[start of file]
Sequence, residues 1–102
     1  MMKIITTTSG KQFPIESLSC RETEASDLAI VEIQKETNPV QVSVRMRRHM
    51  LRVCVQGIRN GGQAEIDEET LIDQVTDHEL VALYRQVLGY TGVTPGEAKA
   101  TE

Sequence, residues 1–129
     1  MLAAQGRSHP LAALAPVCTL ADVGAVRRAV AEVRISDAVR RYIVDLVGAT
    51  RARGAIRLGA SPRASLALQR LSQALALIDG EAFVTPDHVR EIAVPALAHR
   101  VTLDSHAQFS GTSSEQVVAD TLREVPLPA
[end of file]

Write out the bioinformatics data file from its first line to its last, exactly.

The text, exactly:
Sequence, residues 1–102
     1  MMKIITTTSG KQFPIESLSC RETEASDLAI VEIQKETNPV QVSVRMRRHM
    51  LRVCVQGIRN GGQAEIDEET LIDQVTDHEL VALYRQVLGY TGVTPGEAKA
   101  TE

Sequence, residues 1–129
     1  MLAAQGRSHP LAALAPVCTL ADVGAVRRAV AEVRISDAVR RYIVDLVGAT
    51  RARGAIRLGA SPRASLALQR LSQALALIDG EAFVTPDHVR EIAVPALAHR
   101  VTLDSHAQFS GTSSEQVVAD TLREVPLPA